Sun. Jun 23rd, 2024

South Carolina governor signs ban on gender-affirming care for transgender minors

By 37ci3 May22,2024

COLUMBIA, SC – South Carolina Governor Henry McMaster signed the law into law on Tuesday ban on gender-affirming care for transgender minors.

When the ink was dry, South Carolina became the 25th state restrict or prohibit such care for minors. The governor announced the signing on social media and said he will hold a signing ceremony for the bill next week.

Law health professionals bar Perform gender reassignment surgery, prescribe puberty blockers and monitor hormone treatments for patients under 18 years of age.

School principals or vice principals must notify parents or guardians if a child wishes to use a name other than their legal name or nicknames or pronouns that do not match their birth gender.

The bill was amended in the Senate to allow mental health counselors to talk about banned treatments and even offer a place where it’s legal. Doctors can also prescribe puberty blockers for certain conditions for which they are prescribed, for example, when a child begins what is called early puberty – at the age of 4.

Groups including the Campaign for Southern Equality noted that the law was effective immediately. The group is gathering resources to help families find any help they need outside of South Carolina and the Southeast, which has similar bans.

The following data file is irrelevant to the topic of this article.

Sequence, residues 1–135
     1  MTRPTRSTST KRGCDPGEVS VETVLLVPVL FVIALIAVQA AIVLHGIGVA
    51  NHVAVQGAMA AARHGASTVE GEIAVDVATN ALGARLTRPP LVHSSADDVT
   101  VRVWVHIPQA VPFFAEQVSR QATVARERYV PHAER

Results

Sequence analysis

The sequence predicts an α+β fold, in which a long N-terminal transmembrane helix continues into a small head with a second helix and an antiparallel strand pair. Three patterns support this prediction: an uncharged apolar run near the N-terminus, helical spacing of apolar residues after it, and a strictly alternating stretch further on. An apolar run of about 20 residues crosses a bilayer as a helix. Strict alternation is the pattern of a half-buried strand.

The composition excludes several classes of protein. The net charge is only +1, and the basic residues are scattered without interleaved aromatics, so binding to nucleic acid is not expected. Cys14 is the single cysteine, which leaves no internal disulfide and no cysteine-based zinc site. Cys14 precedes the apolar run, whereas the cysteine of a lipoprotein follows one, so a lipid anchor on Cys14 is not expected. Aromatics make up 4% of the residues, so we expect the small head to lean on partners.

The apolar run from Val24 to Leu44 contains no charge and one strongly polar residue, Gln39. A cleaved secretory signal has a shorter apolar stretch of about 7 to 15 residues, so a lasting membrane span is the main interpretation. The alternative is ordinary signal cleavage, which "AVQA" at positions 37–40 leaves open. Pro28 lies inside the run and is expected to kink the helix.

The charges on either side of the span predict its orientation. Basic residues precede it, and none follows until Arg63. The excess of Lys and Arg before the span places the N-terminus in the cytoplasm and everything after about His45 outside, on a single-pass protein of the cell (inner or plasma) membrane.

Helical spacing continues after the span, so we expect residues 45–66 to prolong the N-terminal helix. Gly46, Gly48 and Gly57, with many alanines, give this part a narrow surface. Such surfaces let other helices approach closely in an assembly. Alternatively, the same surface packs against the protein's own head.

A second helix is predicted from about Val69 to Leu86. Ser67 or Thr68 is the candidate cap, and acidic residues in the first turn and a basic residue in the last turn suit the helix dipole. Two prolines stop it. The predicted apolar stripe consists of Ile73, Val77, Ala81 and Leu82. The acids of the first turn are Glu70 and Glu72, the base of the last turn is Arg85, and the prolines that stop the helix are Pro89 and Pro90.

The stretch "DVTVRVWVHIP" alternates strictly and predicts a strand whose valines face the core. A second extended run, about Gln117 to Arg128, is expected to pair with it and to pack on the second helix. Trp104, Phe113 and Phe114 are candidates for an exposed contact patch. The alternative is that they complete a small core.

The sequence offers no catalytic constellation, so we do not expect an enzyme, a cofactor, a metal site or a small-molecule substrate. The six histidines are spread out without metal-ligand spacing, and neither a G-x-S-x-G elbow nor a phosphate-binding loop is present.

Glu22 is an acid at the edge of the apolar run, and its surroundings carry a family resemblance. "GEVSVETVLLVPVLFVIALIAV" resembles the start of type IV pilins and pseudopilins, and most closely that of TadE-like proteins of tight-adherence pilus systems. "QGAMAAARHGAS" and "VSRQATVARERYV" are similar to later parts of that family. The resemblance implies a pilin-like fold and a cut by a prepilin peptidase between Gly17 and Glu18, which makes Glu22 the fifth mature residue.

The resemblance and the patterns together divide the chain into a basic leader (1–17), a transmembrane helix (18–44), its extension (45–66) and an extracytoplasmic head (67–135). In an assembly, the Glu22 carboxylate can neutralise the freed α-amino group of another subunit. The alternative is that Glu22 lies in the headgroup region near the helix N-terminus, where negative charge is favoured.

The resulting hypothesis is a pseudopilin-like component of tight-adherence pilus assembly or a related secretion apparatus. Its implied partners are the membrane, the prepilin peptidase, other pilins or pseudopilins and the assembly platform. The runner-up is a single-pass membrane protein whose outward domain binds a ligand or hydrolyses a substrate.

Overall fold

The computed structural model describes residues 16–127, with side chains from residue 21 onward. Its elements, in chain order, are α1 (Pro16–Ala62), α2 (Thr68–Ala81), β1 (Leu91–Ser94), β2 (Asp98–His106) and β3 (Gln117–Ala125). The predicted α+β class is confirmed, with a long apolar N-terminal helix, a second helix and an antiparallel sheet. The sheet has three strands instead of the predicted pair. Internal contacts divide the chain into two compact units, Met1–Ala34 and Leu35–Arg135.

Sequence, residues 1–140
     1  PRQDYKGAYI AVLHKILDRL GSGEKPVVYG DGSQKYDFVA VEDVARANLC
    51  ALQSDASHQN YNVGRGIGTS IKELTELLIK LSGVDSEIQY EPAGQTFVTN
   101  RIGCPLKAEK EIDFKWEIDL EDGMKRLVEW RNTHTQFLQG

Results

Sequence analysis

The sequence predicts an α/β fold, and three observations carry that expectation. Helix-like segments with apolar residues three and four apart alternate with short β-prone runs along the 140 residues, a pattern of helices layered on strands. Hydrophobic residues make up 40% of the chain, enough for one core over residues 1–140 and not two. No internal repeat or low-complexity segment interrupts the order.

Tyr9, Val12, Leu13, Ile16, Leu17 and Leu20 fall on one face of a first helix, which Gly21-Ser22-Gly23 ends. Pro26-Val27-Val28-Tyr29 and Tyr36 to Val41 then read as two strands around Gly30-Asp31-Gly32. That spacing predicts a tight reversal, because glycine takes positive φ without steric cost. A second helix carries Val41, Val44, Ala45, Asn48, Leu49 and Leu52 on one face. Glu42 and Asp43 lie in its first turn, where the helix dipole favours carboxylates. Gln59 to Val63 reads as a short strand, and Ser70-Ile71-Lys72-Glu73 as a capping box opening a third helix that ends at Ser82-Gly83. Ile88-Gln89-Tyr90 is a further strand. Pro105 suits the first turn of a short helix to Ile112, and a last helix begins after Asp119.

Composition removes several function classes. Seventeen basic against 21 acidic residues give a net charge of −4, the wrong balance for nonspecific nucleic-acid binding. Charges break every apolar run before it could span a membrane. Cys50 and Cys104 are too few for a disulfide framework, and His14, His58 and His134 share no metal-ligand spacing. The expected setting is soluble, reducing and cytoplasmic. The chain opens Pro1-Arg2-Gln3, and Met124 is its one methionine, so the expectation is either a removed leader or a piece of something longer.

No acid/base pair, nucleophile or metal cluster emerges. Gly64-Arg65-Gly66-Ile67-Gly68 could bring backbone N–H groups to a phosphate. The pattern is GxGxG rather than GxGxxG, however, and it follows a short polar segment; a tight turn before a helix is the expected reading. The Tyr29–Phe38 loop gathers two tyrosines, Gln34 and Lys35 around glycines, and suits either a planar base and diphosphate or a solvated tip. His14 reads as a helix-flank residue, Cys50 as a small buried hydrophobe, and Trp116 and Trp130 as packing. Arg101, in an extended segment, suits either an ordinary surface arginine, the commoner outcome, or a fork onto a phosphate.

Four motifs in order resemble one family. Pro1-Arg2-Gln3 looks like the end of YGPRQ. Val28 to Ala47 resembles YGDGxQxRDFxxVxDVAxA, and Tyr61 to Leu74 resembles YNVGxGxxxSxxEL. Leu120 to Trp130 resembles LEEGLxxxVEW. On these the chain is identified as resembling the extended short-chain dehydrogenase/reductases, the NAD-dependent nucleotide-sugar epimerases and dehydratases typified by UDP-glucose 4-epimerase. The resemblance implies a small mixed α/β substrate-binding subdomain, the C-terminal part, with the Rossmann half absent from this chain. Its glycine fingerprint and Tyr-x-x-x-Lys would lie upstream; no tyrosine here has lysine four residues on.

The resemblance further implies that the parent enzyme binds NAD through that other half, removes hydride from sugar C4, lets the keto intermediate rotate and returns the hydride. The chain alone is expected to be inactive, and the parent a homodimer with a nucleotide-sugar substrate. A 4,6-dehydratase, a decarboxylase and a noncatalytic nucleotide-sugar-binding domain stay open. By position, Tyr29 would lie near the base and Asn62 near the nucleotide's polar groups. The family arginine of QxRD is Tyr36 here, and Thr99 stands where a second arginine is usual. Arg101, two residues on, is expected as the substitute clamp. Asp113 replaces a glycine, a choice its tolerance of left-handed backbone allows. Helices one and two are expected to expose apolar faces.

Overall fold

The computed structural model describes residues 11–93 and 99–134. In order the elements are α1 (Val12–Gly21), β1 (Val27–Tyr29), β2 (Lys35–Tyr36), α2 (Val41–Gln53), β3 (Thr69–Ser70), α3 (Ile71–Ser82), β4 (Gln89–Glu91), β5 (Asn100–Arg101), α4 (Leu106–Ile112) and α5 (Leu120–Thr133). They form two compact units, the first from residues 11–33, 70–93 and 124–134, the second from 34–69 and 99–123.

“Health care is a human right, and it breaks my heart to see lawmakers deny that transgender youth in South Carolina receive life-affirming and often life-saving medical care. No one should be forced to leave their home state to get the care they need and deserve,” Raymond Velazquez, executive director of the Uplift Outreach Center, said in a statement after lawmakers passed the ban.

Earlier this year, McMaster said he supported the proposal to “keep our young people safe and healthy.”

“If they want to make those decisions later when they’re adults, that’s a different story, but we have to protect our young people from irreversible decisions,” the governor said.

As the bill was introduced in the General Assembly, doctors and parents testified before House and Senate committees that people under the age of 18 do not undergo gender reassignment surgery in South Carolina, and that hormone therapy begins only after extensive consultation with health care professionals.

They said the treatments could be life-saving, allowing young transgender people to live fuller lives. Studies have shown Transgender youth and adults experience stress, depression, and suicide when forced to live as the gender they were assigned at birth.

Proponents of the bill cited unpublished evidence that puberty blockers increase self-harm and may be irreversible.

Groups that help transgender people have vowed to continue working even under the new law.

“To all the young people and their parents in South Carolina who are reading this news and fearing for the future, please know: No law can change the fact that you deserve dignity, equality, joy and respect,” she said. Cristina Picozzi, executive director of the Harriet Hancock Center, an LBGTQ advocacy nonprofit group.

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By 37ci3

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